However, if I crown thin some fruit and decorative trees in fall (especially apricots!) I like to seal the pruning wound with mastic gum, to protect them from infections in the cold and wet winter season.
Of course, I don’t crown thin my olives, oranges and lemons, because ai would prune off their fruits, but you can ho ahead with pomegranates and even persimmons, but only after you have harvested them and the leaves are dying.
Crown Lift Your Tree
Fall is also the time to lift the crowns of the same trees I have thinned with pruning, but I also do it with conifers. If they are still young and their branches are too low, September to November is a good time to cut the lower branches.
Crown lifting is easier than crown thinning, because your choice is straightforward: prune the lower branches, to the height you want, or can reach…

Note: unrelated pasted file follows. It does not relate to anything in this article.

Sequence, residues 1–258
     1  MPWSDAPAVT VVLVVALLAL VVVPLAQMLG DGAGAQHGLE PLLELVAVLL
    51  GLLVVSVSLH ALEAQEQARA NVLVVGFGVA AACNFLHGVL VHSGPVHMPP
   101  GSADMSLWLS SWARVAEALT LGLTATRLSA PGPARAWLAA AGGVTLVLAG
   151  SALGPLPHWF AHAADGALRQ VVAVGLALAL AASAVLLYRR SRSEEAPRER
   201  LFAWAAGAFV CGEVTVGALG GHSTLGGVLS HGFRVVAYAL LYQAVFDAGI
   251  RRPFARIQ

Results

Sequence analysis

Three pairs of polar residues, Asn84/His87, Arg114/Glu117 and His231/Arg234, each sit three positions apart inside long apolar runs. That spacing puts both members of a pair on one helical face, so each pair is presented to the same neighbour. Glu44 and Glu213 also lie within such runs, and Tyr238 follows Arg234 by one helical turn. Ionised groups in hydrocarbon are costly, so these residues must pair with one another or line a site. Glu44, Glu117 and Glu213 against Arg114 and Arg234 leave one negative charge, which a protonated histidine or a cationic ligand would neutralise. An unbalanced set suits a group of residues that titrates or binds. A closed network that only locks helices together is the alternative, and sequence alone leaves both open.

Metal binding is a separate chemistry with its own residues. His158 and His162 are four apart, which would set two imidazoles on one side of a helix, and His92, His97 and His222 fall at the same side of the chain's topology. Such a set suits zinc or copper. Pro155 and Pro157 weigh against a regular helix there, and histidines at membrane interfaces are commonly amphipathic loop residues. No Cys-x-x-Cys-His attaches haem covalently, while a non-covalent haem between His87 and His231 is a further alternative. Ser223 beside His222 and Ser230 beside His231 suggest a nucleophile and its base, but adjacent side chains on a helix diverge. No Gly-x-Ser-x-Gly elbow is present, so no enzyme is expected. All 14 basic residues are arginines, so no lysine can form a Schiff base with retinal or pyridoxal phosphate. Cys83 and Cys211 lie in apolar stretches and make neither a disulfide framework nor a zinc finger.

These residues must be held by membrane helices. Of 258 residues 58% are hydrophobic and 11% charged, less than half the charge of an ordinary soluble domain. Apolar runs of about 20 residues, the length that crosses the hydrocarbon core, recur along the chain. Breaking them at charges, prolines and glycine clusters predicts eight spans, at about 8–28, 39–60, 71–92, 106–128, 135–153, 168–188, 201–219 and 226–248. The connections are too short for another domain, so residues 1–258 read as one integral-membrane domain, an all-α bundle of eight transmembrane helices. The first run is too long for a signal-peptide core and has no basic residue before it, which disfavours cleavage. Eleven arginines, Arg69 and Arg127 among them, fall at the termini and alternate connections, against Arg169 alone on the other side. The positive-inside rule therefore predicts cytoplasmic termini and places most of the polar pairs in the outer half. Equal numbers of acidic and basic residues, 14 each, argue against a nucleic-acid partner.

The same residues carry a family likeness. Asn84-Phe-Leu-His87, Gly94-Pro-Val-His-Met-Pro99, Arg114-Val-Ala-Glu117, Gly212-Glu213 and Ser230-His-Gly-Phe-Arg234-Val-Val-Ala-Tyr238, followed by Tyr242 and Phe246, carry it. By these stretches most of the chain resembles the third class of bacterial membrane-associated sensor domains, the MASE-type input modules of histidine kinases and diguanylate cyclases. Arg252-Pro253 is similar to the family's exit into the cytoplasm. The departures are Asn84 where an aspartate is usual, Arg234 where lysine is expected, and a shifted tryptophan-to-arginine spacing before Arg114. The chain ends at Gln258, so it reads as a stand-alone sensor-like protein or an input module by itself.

You can only prune a maximum of one third of the branches, or the tree won’t have enough, so, it depends on the age and the height of the specimen you are working on.
Why do I like to crown lift some conifers as well between September and November? True, the ideal time to prune these trees is winter…
But in cold countries, heavy snow can weigh down their branches, and the whole job becomes messy, wet, cold and even dangerous. They go dormant after the first severe frost, so, I wait till then and save myself an unpleasant and imprecise pruning day.
Crown lifting is a type of pruning that will prevent trees from investing energy into lower branches in spring, promoting their upright growth.
Again, like with all big branches I cut in fall, I use mastic gum to protect the pruning wounds, and I use a sharp and sterile pruning saw.
Cut Back Herbaceous Perennials
My gardening becomes very busy with pruning from September to November, because I grow many herbaceous perennials in my borders and flower beds, and most need cutting back as soon as they go dormant. And this happens in the fall.
To cut back is a drastic type of pruning: it literally means cutting the whole plant to ground level (or almost), and lots of herbaceous perennials need this treatment at some time between September and November, again, as soon as the foliage has wilted.